We arrived around 7:30.  We sat.  We sat some more.  Other co-workers arrived and we somehow contrived to find a table to fit all of us, though it was at the edge.  The bride and groom descended, the veil was lifted and vows were said – but the sound system was so bad that we couldn’t really hear anything.  And then there was an hour and a half of guests going up (waiting in a line) to give the new couple their congratulations and pin the traditional gold coins.  Inedible appetizers came out (only wedding where I’ve ever been served chicken nuggets…) along with fruit juice and cola.  Then the couple danced and people started to leave. There was a bit of dancing on the small space of open floor, but… this was an alcohol-free wedding.  It’s surprising how little activity can come from one room packed with 450 people. If you’re going to have a wedding, I think ti should at least be fun and at least a partial reflection of the things you enjoy.  I’ll admit, our wedding didn’t include all the elements we would have wanted (we did arrive in Ankara 2 weeks prior), but at least it had more the sense of being a good dinner with people we know and whose company we value.  The purpose of last night’s wedding (judging by when people left and the lack of interaction otherwise) seemed to be to stand in line and pin the gold coin on the bride’s dress. Not my kind of event.  Also, Henna Night was comparatively a lot more fun.



2 thoughts on “Formulaic Pre-Wedding Celebrations: Turkish Henna Night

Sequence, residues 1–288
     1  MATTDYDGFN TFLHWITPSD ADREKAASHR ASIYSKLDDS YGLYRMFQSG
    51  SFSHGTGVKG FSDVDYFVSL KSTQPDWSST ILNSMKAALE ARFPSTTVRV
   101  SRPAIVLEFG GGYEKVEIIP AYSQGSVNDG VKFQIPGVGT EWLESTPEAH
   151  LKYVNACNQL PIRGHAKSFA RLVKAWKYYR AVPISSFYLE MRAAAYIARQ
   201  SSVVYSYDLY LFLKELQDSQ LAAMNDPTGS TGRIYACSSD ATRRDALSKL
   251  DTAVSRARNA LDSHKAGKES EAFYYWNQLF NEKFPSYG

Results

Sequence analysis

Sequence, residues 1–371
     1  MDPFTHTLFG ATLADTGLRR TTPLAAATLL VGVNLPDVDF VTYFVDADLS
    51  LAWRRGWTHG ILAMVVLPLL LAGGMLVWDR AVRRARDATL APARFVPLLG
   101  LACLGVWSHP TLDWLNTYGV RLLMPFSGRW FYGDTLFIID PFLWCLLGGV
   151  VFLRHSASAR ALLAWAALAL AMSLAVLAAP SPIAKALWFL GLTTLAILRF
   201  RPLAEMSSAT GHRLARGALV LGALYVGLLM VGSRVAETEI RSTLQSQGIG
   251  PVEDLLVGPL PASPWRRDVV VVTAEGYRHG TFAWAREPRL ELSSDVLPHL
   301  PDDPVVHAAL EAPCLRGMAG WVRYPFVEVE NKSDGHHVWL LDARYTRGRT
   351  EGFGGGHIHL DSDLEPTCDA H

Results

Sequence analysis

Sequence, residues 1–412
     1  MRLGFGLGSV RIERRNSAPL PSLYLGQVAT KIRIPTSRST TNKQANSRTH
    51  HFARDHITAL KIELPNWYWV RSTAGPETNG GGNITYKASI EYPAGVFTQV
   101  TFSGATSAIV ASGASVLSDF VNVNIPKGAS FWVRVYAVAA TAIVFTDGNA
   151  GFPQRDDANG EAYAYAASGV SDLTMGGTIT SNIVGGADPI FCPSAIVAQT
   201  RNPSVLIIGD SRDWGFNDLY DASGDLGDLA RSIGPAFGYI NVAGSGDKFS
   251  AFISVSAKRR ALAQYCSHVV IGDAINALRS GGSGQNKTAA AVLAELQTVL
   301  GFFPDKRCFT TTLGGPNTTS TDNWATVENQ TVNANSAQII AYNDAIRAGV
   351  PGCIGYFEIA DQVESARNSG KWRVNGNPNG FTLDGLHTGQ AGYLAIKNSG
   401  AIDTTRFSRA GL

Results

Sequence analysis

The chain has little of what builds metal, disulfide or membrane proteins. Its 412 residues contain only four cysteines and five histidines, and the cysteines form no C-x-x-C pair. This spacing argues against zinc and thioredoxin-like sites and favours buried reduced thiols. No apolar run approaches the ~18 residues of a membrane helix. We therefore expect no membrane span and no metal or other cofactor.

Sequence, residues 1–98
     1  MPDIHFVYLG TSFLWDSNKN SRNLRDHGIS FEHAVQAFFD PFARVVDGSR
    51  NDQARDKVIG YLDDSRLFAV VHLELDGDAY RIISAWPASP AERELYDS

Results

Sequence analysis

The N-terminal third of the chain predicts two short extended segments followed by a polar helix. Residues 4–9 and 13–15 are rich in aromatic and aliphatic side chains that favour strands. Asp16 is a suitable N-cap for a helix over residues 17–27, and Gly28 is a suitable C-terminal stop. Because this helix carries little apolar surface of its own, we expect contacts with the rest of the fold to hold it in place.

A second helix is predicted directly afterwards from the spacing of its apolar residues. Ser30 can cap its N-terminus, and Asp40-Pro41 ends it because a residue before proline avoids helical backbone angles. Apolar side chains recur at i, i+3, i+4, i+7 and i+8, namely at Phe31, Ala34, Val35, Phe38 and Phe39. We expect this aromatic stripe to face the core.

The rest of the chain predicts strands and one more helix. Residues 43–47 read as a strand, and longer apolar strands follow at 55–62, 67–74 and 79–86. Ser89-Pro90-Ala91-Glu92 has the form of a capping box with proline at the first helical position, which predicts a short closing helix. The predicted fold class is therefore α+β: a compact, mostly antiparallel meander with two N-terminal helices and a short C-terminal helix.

1. I could not stop laughing about the chicken nuggets. Boyfriend (Turkish) and I (Canadian) and I have many a discussion about the culture of the nouveau-riche and aspirational nouveau-riche in Turkey. Maybe it’s just us, but in Istanbul it always seems hard (not impossible of course – no need to tar everybody with the same brush) to find people who seem to interact authentically and not just as actors reading a script of social rules and expectations – particularly where parties and the appearance of money are concerned. I wonder how a wedding in a village would have gone – would it have felt more authentic if the place hadn’t experienced the same rapid economic development that Turkey has seen within the last 20 years?


    • I think part of that may be reflective of who has moved to Istanbul – Ankara is generally a city of bureaucrats and university students/professors, so I think we witness a lot less bling, whether on the street or in a wedding hall. I would say that certain events (to a certain extent) do seem “scripted” – especially when (as with this wedding) a good portion of the people are religious and that affects the entire vibe. My husband’s family, on the other hand, is a lot more lively and comfortable around each other – if anything at our wedding was scripted, people forgot their lines after the first or second glass of raki…
      As for complete scripts, that’s definitely something I’ve seen in Kyrgyzstan: